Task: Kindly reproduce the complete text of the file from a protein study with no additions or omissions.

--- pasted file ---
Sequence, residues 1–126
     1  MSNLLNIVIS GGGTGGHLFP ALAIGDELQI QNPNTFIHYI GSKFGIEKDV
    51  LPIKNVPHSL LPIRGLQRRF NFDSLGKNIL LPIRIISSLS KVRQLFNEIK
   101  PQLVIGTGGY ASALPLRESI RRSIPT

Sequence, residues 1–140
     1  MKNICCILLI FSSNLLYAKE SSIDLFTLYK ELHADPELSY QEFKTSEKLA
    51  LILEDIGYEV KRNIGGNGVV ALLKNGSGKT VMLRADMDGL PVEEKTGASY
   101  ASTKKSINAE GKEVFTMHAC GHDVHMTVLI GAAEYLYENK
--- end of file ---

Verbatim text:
Sequence, residues 1–126
     1  MSNLLNIVIS GGGTGGHLFP ALAIGDELQI QNPNTFIHYI GSKFGIEKDV
    51  LPIKNVPHSL LPIRGLQRRF NFDSLGKNIL LPIRIISSLS KVRQLFNEIK
   101  PQLVIGTGGY ASALPLRESI RRSIPT

Sequence, residues 1–140
     1  MKNICCILLI FSSNLLYAKE SSIDLFTLYK ELHADPELSY QEFKTSEKLA
    51  LILEDIGYEV KRNIGGNGVV ALLKNGSGKT VMLRADMDGL PVEEKTGASY
   101  ASTKKSINAE GKEVFTMHAC GHDVHMTVLI GAAEYLYENK